There’s also a misperception that most nuns lack education, she said, adding that many nuns were highly educated.

Despite the criticism she received, Esukhacari said she did not regret her post on Facebook and had been pleased by the support some people had shown.

“As a result of the post, the monks [studying in the same class] show more care towards me than usual, and even a taxi driver asked if it was me who had uploaded the post on Facebook,” she said. “[When I said yes], he became very polite – more than I had ever experienced.”

Christianity

Sister Elizabeth Chit Pon, 32, also known as Chit Pon, became a nun in 1985 after graduating from university. She works for Garuna Mission Social Solidarity, a local NGO under the Catholic Bishops Conference of Myanmar.

Sister Elizabeth said she had rarely experienced blatant discrimination, but there had been a few times when she was treated like a second-class citizen.

She said at Roman Catholic ceremonies, it was common for men to be seated in the front row, and women behind them.

“When I reflect on this, I think it is because of Myanmar culture,” Chit Pon said.

The culture in the country is that men are superior, she added.

“I think gender discrimination comes from each family, because the way the parents teach their children is very important,” she said.

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Catholic nuns hold candles during a procession to mark the 500th anniversary of the Catholic church in Myanmar in November 2014. (AFP)

Because priests are men, people believe that they are better at handling difficult situations than women, Sister Elizabeth said.

Sister Elizabeth said that if men and women had equal roles in politics, society and religion it would benefit the community.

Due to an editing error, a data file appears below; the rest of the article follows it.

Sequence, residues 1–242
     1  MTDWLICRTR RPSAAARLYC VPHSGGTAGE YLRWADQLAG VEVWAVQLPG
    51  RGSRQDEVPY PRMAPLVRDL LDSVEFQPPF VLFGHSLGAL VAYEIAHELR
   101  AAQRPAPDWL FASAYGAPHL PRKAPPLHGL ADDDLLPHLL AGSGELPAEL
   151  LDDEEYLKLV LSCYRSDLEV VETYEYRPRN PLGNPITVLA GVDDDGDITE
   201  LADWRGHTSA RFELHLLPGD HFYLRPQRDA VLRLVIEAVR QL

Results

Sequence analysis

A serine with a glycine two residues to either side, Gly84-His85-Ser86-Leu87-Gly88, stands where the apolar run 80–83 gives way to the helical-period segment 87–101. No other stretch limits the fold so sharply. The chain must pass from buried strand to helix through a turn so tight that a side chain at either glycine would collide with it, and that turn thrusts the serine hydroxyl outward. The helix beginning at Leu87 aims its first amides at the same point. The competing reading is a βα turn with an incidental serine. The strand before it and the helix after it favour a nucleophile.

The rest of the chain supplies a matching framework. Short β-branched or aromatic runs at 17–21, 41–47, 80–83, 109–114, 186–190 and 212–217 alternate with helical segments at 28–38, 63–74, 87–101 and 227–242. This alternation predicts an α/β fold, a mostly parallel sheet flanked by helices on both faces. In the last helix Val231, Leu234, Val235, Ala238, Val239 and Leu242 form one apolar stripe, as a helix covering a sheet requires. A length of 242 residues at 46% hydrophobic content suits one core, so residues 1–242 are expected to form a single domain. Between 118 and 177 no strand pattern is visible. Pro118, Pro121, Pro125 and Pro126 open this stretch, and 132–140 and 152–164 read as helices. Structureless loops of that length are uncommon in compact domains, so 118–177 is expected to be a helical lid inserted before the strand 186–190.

“When people see the word ‘organisation’ they think it must be a group being led by men but this is wrong because women are also taking leadership roles,” she said.

The widespread perception in society is that women should follow men.

Sister Elizabeth said a barrier to equality was that many women regarded some roles as being exclusively for men.

Women sometimes lack confidence in their ability to perform leadership roles and instead provide support to men “from behind the curtain”, she said.

Many women were reluctant to seek prominent leadership positions because they worried how they might be perceived in roles usually reserved for men.

However, women in Myanmar could look up to an inspiring example of a woman who had ignored or overcome such cultural barriers.

“Just look at Daw Suu [State Counsellor Daw Aung San Suu Kyi], she is a good example,” she added.

But she doesn’t believe women should become priests.

“Why not women priests? That is the trendy question most of the women in the world are asking,” she said, laughing. “If women ask to become a priest, I assume they are extremists because when women are given roles like this they can’t do them well.”

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Islam

“Allah did not directly prohibit the women doing from anything, but [discrimination] is derived from the culture,” said Dr Thet Su Htwe, who provides family planning advice to Muslim men and women.